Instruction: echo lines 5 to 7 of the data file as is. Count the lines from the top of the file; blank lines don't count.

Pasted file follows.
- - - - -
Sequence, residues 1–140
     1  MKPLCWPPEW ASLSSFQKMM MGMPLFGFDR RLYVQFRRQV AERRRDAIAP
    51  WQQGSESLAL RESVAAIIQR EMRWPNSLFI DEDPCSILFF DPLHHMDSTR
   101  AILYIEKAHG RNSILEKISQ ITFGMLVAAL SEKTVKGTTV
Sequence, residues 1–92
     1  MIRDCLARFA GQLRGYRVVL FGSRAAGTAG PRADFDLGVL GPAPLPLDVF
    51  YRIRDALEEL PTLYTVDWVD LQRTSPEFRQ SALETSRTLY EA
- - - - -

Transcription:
Sequence, residues 1–92
     1  MIRDCLARFA GQLRGYRVVL FGSRAAGTAG PRADFDLGVL GPAPLPLDVF
    51  YRIRDALEEL PTLYTVDWVD LQRTSPEFRQ SALETSRTLY EA